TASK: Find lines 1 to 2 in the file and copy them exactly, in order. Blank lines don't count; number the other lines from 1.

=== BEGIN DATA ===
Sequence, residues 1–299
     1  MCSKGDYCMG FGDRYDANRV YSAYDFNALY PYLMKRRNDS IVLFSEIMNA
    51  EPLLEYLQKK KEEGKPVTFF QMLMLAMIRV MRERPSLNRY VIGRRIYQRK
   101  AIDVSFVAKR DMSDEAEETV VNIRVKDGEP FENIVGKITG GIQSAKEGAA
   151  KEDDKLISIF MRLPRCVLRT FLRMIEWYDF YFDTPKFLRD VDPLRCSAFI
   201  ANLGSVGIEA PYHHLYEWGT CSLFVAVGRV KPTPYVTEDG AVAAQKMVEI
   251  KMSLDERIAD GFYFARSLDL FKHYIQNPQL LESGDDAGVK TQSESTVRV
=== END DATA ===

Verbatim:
Sequence, residues 1–299
     1  MCSKGDYCMG FGDRYDANRV YSAYDFNALY PYLMKRRNDS IVLFSEIMNA